J.J. Putz looks like his old self after rough road trip to preserve D-backs' 3-2 victory over Rockies.
By JACK MAGRUDERFS Arizona
PHOENIX -- The
Diamondbacks bullpen had five failed save conversions on the recent road trip, but all was right with the relief corps Thursday night at Chase Field.
Closer J.J. Putz was more like his old self. His pet split-finger pitch was diving again, and the results were what the Diamondbacks have come to expect.
Putz struck out Carlos Gonzalez with splitters on his final two pitches -- with the tying run on first base -- to save a 3-2 victory over the
Rockies and dull the memory of a road trip on which he gave up two game-tying home runs in the ninth inning.
“I was able to command the ball for the most part, both my fastball and my split. The ball felt really good out of my hand. The splits were down and got some chases, “ Putz said.
“I’ve been through rough spots before, and I’m going to go through rough spots again. It’s just a matter of being able to put it behind you and keep working and trust what you have been doing your (whole) career. That is just part of it.”
Putz received an encouraging email from his wife after giving up a two-run home run to Brandon Belt in San Francisco in the ninth inning Tuesday in a game the D-backs rallied to win 6-4 in 11 innings.
“Great news,” the message began.
Putz was not sure where she was going.
“The sun came up today,” it continued.
“That’s it, in a nutshell,” Putz said.
“It’s in anything. If a hitter goes into a slump. I'm not saying I’m the caliber of (Albert) Pujols, but when Pujols was struggling last year, everybody was like, 'Ohmigod.’ Just give it time. His numbers are his numbers, and at the end of the season, you look at his numbers -- they are right back where they usually are.”
Putz had a career-high 45 saves when the D-backs won the 2011 NL West, and he also had seasons of 36 and 40 with Seattle before injuries set him back. He had 32 saves after a tough start in 2012.
Putz’s save was his fourth, and it preserved Trevor Cahill’s first victory of the season. Putz hit 96 mph on the stadium radar gun, and his last pitch to Gonzalez was clocked at 84.
“J.J. threw the ball as good as he has thrown it all year,” manager Kirk Gibson said. “His velocity was back. Those are the best splits he threw all year.”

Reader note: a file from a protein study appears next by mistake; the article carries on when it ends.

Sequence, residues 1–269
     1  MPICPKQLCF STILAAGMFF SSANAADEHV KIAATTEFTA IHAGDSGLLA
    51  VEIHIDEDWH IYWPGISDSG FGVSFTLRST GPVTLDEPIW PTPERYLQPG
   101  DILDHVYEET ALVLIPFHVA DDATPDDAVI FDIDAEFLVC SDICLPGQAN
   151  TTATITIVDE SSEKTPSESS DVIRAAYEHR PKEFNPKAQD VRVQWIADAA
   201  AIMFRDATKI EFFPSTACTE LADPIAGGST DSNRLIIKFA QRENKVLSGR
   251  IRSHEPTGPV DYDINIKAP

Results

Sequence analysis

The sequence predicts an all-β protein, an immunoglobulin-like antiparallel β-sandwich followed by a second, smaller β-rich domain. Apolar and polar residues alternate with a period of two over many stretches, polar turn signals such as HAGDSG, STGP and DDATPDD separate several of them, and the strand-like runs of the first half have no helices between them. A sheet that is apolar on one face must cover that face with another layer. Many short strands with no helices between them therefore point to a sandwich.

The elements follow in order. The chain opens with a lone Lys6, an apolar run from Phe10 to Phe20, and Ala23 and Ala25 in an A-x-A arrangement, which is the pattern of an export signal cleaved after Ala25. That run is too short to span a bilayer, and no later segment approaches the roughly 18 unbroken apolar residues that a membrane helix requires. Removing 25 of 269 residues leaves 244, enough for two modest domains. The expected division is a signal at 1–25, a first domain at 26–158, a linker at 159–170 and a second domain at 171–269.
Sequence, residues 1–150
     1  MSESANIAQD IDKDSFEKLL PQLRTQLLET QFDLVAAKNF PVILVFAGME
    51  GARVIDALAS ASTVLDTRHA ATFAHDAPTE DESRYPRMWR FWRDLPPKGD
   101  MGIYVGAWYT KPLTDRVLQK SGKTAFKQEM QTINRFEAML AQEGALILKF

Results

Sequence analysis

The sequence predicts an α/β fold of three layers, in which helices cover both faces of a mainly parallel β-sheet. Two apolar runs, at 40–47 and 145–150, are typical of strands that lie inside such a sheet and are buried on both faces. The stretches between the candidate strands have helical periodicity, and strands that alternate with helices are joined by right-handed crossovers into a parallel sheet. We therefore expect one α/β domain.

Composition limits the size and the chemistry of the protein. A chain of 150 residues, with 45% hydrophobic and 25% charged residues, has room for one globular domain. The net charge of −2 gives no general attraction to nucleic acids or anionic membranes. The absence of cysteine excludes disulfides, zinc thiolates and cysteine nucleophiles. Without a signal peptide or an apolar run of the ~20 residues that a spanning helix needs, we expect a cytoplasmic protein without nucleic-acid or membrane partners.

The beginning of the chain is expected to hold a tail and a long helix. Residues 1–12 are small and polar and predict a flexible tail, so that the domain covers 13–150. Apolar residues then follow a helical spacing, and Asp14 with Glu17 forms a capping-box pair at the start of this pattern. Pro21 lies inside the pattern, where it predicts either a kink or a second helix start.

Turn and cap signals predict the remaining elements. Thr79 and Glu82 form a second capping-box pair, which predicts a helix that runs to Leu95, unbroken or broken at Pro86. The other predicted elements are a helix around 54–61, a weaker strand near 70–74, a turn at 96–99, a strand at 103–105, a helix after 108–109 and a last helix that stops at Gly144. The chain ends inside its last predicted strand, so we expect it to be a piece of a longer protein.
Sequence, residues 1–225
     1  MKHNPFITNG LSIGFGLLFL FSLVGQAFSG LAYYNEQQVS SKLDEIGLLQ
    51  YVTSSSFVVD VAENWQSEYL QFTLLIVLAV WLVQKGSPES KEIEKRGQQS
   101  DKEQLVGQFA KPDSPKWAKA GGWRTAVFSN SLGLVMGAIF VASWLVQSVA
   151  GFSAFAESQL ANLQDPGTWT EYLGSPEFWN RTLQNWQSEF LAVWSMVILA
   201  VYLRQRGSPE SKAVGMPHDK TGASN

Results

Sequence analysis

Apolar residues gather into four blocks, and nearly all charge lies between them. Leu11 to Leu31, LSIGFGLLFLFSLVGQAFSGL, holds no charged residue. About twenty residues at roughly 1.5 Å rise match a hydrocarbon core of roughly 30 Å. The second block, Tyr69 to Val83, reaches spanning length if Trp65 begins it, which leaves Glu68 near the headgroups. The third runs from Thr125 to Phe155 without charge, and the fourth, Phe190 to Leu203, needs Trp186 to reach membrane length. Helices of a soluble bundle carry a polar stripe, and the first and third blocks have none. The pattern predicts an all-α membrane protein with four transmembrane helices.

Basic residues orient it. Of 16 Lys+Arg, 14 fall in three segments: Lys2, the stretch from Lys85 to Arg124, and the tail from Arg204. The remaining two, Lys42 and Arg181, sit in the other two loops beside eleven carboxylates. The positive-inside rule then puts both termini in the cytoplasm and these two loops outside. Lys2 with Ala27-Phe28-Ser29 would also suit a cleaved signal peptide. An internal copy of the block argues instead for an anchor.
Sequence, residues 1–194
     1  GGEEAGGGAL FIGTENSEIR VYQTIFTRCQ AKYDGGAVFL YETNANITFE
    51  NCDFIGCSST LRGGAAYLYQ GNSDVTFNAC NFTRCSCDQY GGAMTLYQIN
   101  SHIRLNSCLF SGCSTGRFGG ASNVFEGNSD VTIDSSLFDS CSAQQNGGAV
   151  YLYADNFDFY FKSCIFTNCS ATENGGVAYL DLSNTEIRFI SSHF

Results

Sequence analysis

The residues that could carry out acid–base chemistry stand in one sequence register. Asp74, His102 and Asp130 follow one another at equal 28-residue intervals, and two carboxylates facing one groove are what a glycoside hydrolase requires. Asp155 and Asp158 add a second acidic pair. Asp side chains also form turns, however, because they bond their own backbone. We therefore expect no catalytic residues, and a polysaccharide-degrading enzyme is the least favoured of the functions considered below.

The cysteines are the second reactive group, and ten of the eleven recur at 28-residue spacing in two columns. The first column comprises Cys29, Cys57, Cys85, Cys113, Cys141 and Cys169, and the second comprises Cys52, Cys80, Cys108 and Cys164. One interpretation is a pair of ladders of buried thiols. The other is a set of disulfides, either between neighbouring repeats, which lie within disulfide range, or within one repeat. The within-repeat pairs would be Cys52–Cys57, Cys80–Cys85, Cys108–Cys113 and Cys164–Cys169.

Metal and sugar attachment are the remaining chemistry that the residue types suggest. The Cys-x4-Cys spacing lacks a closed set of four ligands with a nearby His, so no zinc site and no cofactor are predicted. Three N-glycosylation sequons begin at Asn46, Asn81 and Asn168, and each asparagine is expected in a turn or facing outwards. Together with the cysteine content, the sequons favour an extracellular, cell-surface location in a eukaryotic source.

Cahill went five innings and Josh Collmenter went three, enabling Gibson to rest most of a bullpen that worked overtime on a nine-game road trip that included an extra-inning game on getaway day in New York and extra-inning games the last two days in San Francisco.
Putz failed to hold a one-run lead against the Yankees, and David Hernandez also was charged with two blown saves when he failed to hold eighth-inning leads, giving up three home runs in five appearances.
Gibson was satisfied that no drastic action was required to turn around a bullpen that was expected to be the strength of the team -- and could still be.
“They are not walking a bunch of people. They are not losing games that way. They are healthy. They are throwing the ball well. Have they buried the back-foot sliders? No. We don’t focus on the fact that we have blown the saves. We focus on looking ahead, how can we make batter pitches in the future,” Gibson said.
“It is not a perfect picture every day. You have to endure it, which we have, very, very well.
Gibson’s advice to his two late-inning guys was simple.
“I don’t want them to overthink it. They are healthy. They are throwing the ball good. I want them to continue to prepare., With J.J., it’s his splitter. You guys have watched him. Is that a pretty good pitch for him? You might say, 'Why did they call that pitch?' That is one of the best pitches he throws. He usually does bury it. He just didn’t bury it that day. You just execute your pitches.”